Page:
It was raining cats and dogs and frogs and
Fearing the flood would not abate I built
A boat; And two by two my zoo took shape
Caterpillars shared room with centipedes
But man, I kept the spiders from the flies
No tigers about so no life of Pi
Gathering my flock I prepared to sail
Then the heavens closed to bring sunshine
Thank God for that as I am no Noah
The animals are all female, probably
And it would be the end of humanity
“Never give a sucker an even break”
Unlike those boring people that go out all the time I’ve stuck to my couch and began to take an interest in the reality television programmes concerning real-life policemen. You know the type of shows I’m talking about: Road Wars, Night Cops, UK Street Crime etc. etc.
Even these dramas played out factually are beginning to become formulaic. The car chase sequence went downhill after Steve McQueen yet it’s still in use, overuse. The voice over guy tries to ratchet up the tension as the siren-blaring cops race after the bad guys. Red lights are driven past, the wrong side of the road is used and there’s a swerve or two. All Beano and Dandy and seen before. Just when you think the baddies have got away they are captured. Most of the time because of the big bird in the sky.
The police helicopter tracks the progress of the villains giving the pursuers in their squad cars vital intelligence (it also doubles up as the programmes TV screen plotting the adventure). To give the felons a chance the helicopter should not be used. It’s not as if the carjackers have ground to air missiles in their armoury. Put those cheating copters away. As Shere Khan would say, It would make the chase more interesting.
Evangelical Protestantism is on the rise in South and Central American countries.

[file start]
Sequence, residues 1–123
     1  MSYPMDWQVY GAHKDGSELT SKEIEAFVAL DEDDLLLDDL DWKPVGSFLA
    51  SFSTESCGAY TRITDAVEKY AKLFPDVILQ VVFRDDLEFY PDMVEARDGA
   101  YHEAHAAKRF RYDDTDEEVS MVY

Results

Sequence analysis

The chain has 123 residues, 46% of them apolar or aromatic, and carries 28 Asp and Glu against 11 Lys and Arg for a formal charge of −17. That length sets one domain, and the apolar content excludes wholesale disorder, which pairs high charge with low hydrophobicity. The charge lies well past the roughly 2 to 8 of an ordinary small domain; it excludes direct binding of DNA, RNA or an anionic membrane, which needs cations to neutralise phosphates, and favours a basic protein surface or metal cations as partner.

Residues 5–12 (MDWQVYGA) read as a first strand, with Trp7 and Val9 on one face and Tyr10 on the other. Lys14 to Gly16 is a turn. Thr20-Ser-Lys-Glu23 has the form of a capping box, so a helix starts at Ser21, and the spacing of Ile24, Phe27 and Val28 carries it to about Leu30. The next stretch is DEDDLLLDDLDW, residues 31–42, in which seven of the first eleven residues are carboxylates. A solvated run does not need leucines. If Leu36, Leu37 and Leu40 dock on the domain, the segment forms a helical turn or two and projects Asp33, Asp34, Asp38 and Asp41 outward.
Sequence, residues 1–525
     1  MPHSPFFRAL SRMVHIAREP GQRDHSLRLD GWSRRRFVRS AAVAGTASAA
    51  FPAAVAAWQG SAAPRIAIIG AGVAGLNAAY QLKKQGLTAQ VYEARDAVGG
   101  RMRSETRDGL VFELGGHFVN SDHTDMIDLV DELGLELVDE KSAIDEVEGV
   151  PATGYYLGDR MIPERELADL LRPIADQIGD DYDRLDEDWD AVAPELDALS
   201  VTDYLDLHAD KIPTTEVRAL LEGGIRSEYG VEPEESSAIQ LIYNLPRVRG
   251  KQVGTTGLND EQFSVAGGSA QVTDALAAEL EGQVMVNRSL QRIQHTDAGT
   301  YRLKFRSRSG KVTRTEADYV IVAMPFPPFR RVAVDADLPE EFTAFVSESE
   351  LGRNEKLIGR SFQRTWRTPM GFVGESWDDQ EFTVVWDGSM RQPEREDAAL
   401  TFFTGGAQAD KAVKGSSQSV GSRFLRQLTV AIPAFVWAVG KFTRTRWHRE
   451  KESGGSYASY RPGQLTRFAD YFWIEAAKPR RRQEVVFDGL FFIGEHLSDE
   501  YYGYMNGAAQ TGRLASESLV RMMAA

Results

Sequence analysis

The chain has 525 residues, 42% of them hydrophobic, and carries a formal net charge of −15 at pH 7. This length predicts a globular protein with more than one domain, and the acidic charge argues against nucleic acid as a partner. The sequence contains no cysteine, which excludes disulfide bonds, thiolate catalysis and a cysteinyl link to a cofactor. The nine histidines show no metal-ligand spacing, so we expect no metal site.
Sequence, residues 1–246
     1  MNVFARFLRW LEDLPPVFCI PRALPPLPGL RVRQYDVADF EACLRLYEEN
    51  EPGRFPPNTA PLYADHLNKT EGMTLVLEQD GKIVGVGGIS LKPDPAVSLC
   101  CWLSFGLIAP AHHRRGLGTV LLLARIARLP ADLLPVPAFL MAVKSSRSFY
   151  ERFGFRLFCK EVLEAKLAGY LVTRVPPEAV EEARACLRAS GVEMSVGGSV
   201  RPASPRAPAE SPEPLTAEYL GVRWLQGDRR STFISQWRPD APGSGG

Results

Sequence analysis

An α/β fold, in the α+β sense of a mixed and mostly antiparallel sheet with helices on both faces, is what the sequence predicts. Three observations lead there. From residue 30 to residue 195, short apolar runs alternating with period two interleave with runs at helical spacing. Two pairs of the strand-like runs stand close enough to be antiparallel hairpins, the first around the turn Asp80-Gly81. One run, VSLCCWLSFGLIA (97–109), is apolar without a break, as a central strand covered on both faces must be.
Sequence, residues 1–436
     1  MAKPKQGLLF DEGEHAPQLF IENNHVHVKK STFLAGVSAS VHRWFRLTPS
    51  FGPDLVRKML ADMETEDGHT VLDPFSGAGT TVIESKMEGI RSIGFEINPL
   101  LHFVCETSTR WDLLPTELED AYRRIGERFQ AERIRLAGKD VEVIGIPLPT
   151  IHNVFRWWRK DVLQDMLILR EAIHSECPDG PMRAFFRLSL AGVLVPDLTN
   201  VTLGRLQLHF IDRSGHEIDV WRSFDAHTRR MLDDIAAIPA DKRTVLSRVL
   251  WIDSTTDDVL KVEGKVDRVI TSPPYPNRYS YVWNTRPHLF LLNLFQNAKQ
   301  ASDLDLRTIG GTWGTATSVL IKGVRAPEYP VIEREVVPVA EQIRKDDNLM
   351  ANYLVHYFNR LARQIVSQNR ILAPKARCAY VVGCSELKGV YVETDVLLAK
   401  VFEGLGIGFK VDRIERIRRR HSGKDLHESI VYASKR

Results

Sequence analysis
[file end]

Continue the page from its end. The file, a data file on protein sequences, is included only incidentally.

This part of the globe has historically been a catholic stronghold in matters of faith but the flock are turning. Brazil and Mexico, the two largest catholic nations in the world have had many converts to the Evangelical side and other Protestant church communities: Pentecostals, Baptists and Methodists. A personal relationship with Jesus is most important to evangelicals, whereas in Catholicism, priests and the church hierarchy are tasked with interpreting the Bible and being “God’s representatives”. Has the continent of Pele et al seen the light shining?
With chapel attendance dwindling in these areas it begs the further question, was Jorge Mario Bergoglio, the Jesuit cardinal from Buenos Aires the newly appointed successor to Saint Peter, chosen purely to revitalise the ailing roman church in Latin America? In modern times we don’t expect political intrigue straight out of the Borgias yet the appointment smacks of a desperate attempt to woo back floating voters by installing one of their own. And was the retired/deposed Benedict part of the scheme? We’ll need to wait until the papal archives are released. Read more…